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Age and Ethnicity in Cirrhosis
  1. Krishna C. Sajja, BS*,
  2. Desh P. Mohan, BS*,
  3. Don C. Rockey, MD
  1. From the *Division of Digestive and Liver Diseases, University of Texas Southwestern Medical Center and Parkland Memorial Hospital, Dallas, TX; and †Department of Internal Medicine, Medical University of South Carolina, Charleston, SC.
  1. Received January 30, 2014, and in revised form June 1, 2014.
  2. Accepted for publication July 22, 2014.
  3. Reprints: Don C. Rockey, MD, Department of Internal Medicine, Medical University of South Carolina, 96 Jonathan Lucas St, Suite 803, MSC 623, Charleston, SC 29425. E-mail: rockey{at}musc.edu.
  4. Supported in part by the National Institutes of Health grant R01 DK 57830 to D.C.R. and an institutional grant (number 5T35DK066141).
  5. Author contributions: Krishna C. Sajja contributed to the study concept and design, acquisition of data, analysis and interpretation of data, drafting of the manuscript, critical revision of the manuscript for important intellectual content, and statistical analysis. Desh P. Mohan contributed to the study concept and design and the acquisition of data. Don C. Rockey contributed to the study concept and design, acquisition of data, analysis and interpretation of data, drafting of the manuscript, and critical revision of the manuscript for important intellectual content.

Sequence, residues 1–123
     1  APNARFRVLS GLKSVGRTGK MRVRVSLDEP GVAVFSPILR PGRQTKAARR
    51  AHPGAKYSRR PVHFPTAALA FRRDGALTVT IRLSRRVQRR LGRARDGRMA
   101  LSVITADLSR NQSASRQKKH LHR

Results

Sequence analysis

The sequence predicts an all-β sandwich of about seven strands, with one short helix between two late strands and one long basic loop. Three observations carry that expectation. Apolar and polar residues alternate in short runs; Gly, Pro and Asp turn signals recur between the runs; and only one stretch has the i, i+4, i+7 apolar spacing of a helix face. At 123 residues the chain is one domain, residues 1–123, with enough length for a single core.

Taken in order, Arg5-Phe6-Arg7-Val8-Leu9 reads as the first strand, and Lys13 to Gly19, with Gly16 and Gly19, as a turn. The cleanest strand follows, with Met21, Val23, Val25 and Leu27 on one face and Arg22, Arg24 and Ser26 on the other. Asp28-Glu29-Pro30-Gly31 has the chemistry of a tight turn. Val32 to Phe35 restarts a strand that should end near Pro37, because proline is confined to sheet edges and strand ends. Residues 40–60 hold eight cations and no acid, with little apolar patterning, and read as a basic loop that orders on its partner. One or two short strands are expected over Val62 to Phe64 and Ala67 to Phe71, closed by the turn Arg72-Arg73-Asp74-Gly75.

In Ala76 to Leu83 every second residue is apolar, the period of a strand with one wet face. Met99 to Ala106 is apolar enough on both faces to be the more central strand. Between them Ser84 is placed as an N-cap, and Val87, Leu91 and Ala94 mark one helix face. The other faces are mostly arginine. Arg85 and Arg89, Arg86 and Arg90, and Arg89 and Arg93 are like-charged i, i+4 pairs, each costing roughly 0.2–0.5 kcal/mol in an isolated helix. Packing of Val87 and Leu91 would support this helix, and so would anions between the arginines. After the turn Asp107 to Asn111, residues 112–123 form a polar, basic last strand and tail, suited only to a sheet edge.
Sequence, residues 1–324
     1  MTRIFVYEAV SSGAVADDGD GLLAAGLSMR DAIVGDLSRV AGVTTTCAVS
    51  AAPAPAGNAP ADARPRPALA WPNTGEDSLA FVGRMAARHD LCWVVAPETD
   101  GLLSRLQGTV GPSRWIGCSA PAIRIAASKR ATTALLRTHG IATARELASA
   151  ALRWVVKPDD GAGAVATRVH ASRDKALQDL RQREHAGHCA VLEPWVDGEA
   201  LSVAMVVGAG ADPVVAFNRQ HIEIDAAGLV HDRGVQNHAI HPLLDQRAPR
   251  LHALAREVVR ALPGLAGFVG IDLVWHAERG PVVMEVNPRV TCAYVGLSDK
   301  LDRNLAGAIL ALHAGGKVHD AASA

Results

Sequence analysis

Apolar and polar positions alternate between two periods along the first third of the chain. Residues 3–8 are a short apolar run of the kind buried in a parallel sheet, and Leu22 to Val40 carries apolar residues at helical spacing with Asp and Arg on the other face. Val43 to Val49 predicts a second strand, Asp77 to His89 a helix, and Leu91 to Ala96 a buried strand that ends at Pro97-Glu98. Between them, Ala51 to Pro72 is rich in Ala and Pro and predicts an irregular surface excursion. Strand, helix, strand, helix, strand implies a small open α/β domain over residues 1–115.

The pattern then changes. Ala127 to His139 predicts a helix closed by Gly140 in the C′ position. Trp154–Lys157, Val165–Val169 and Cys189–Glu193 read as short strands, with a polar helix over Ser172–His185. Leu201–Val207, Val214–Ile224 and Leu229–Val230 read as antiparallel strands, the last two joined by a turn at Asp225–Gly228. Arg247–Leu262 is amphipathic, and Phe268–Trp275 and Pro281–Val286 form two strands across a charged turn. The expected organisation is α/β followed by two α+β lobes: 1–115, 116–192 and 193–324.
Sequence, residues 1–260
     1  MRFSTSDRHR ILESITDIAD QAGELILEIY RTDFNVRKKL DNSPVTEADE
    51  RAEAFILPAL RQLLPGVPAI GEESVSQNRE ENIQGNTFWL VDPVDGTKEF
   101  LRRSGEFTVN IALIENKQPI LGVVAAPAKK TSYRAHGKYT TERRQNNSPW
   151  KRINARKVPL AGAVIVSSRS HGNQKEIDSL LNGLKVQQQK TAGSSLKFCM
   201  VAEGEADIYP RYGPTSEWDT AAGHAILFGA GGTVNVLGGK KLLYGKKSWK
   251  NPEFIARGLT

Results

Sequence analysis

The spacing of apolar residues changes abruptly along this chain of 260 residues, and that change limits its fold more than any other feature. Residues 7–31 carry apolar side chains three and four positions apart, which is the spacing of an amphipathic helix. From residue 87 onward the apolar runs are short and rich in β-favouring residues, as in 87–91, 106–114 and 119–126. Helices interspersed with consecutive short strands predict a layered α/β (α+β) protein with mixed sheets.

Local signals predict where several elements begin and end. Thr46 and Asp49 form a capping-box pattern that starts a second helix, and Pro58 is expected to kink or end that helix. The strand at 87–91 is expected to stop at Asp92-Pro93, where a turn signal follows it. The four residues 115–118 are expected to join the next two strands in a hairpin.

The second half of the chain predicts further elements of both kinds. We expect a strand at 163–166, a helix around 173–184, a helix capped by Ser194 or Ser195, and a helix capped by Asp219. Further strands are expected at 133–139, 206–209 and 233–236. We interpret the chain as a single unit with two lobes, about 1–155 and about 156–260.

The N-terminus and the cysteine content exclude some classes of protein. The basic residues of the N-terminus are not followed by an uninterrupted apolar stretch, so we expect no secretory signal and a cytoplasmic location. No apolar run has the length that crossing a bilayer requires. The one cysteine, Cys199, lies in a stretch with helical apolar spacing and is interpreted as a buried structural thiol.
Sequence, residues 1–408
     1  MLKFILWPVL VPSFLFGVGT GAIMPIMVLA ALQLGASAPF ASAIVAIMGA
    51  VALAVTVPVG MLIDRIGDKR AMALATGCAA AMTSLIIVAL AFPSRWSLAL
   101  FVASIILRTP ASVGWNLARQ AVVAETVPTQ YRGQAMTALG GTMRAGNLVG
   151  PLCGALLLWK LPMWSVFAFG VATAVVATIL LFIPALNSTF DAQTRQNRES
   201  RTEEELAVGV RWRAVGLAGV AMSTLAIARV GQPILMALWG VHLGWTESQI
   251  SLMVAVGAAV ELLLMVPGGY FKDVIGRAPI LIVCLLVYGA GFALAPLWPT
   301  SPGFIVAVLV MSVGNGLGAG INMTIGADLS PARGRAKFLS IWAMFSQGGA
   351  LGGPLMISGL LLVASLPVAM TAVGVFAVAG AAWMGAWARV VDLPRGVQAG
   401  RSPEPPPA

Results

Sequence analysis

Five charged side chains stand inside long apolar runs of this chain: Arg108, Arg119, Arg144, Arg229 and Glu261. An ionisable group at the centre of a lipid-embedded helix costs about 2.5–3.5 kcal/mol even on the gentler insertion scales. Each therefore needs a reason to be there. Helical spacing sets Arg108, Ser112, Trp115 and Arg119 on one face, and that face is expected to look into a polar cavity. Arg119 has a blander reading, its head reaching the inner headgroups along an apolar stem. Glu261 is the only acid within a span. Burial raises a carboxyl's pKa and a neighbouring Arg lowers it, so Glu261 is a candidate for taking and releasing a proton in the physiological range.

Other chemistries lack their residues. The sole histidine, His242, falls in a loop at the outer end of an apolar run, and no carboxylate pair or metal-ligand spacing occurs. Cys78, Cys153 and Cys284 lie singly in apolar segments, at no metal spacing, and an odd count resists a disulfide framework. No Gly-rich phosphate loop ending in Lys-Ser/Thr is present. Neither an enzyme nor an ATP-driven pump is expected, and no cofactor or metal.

6. Conflict of interest disclosure: The authors certify that we have no financial arrangements (eg, consultancies, stock ownership, equity interests, patent-licensing arrangements, research support, major honoraria) with a company whose product figures prominently in this study or with a company making a competing product.

Abstract

Background Cirrhosis is diagnosed in patients of all ages and is the end result of many different diseases. The aim of this study was to characterize clinical and ethnic features of adult patients who were admitted to the hospital at different (young/old) ages and examine associations between age and ethnicity within these groups.

Methods In this retrospective analysis of a diverse cohort of 2017 patients with a clinical diagnosis of cirrhosis between January 2001 and December 2011, we focused on age, ethnicity, and outcome of patients with cirrhosis.

Results We identified 219 patients younger than the age of 40 years, including 87 (11%) of 802 white, 31 (6%) of 550 African American, and 89 (16%) of 550 Hispanic patients (P < 0.001). Ethnicity and causes of cirrhosis were found to have a significant correlation with age. Overall, Hispanic and white patients together were more than twice as likely to be diagnosed with cirrhosis at an age younger than 40 years compared with African American patients (P < 0.001). Autoimmune hepatitis caused cirrhosis at a younger age regardless of ethnicity (P < 0.001), whereas cryptogenic/nonalcoholic fatty liver disease/nonalcoholic steatohepatitis was more likely identified at an older age (P = 0.008). African American patients with cirrhosis due to either alcohol or hepatitis C virus were older than Hispanic (P < 0.001 and P = 0.003, respectively) and white patients (P < 0.001 and P < 0.001, respectively) at presentation. Finally, younger patients admitted with cirrhosis had a higher in-hospital mortality rate (P < 0.001).

Conclusions The data suggest an association between ethnicity and age of cirrhosis diagnosis, both overall and in patients with certain cirrhosis etiologies. This work raises the possibility of an ethnic and/or genetic basis for cirrhosis.

Key Words
  • nonalcoholic steatohepatitis
  • hepatitis
  • alcohol
  • Hispanic
  • African American
  • race

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